Defining obstructive ventilatory defect in 2015
Introduction: There is no clear consensus as to what constitutes an obstructive ventilatory defect (OVD): Is it FEV1/FVC<lower limit of normal (LLN) or <0.70 (respectively, physiological and operational definitions)? Aim: To determine, according to the two definitions, the percentage of subjects having an OVD among them explored in a lung function exploration laboratory.
Population and methods: This is a retrospective study including 4,730 subjects aged 17-85 years. Subjects were divided according to the presence [physio (+) or operat (+)] or absence [physio (-) or operat (-)] of an OVD, and into younger (<45 years, n=2,076), older (>45 years, n=2,654), smokers (n=1,208), and non-smokers (n=3,522) groups.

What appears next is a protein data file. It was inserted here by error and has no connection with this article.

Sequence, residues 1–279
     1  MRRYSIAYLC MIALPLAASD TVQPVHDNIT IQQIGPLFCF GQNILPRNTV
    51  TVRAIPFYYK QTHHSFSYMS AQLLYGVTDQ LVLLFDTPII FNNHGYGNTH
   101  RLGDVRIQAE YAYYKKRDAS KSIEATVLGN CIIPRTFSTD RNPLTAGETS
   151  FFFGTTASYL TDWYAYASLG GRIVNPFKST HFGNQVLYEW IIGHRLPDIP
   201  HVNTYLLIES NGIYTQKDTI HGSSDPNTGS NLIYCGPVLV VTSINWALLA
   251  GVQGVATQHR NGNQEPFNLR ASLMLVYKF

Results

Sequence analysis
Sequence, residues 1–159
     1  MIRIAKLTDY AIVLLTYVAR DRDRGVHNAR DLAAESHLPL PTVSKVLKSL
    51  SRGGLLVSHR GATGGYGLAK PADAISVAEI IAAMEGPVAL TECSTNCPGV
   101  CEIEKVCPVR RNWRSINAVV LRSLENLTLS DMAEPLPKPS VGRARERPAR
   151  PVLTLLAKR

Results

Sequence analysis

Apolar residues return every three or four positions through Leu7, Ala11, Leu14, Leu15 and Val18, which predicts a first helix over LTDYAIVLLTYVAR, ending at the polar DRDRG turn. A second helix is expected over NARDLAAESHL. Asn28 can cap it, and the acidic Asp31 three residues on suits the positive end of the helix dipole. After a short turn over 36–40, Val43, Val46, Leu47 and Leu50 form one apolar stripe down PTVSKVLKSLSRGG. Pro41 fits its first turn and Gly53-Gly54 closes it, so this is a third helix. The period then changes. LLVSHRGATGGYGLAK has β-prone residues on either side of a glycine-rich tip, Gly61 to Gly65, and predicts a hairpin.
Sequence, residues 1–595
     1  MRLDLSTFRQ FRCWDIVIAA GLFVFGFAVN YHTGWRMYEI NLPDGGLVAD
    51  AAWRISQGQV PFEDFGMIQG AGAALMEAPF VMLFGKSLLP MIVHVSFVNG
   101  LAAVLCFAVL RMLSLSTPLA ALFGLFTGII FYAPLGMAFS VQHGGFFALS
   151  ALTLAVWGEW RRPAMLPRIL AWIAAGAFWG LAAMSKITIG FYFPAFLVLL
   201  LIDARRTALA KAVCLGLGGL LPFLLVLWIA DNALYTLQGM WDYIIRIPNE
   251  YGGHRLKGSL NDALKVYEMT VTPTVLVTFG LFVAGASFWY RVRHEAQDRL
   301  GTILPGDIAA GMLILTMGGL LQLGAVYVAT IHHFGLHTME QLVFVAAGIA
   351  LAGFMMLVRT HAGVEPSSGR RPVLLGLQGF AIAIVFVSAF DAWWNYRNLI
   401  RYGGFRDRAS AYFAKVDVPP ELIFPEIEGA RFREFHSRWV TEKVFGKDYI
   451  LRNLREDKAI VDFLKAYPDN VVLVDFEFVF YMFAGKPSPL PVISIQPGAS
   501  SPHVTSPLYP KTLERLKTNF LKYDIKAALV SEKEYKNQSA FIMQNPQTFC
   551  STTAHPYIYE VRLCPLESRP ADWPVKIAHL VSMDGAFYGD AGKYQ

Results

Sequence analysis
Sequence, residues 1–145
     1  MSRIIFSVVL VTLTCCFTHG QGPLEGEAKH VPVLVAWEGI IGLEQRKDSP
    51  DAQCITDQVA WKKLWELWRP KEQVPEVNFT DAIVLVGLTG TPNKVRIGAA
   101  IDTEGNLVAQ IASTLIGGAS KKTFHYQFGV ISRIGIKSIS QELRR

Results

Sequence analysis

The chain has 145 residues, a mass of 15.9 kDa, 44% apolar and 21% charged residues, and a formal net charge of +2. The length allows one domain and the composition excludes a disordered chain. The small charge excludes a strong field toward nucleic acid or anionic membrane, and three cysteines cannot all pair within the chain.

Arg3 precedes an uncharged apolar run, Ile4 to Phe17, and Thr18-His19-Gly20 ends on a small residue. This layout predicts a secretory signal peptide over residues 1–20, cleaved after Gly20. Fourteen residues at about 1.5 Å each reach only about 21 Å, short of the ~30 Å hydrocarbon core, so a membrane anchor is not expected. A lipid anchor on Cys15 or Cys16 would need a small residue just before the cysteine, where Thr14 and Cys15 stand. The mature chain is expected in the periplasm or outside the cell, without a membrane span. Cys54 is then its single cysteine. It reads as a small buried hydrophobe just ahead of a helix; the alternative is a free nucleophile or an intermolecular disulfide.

Results: For the total sample, the younger and older groups [mean+SD of age (years), respectively, 46.7+14.1; 33.9+7.4, and 56.8+9.1], the ‘physiological definition’ detected, respectively, 13.46, 43.22, and 5.09% more OVD than the ‘operational one’ (p<0.05). In addition, the operational definition, compared with the physiological one, overdiagnosed OVD in 2.33 and 0.44% of smokers and non-smokers, respectively, and underdiagnosed it in 4.46% and 29.72% of smokers and non-smokers, respectively (p<0.05). Compared with the group ‘physio (-), operat (+)’, the ‘physio (+), operat (-)’ one was younger (74.2+4.7 years vs. 40.9+10.3 years) and had significantly higher FEV1 (62+13% vs. 78+17%) and FVC (71+15% vs. 93+19%).
Conclusion: The frequency of OVD much depends on the criteria used for its definition.
Keywords: obstructive ventilatory defect; FEV1/FVC; fixed threshold; lower limit of normal; spirometry; guideline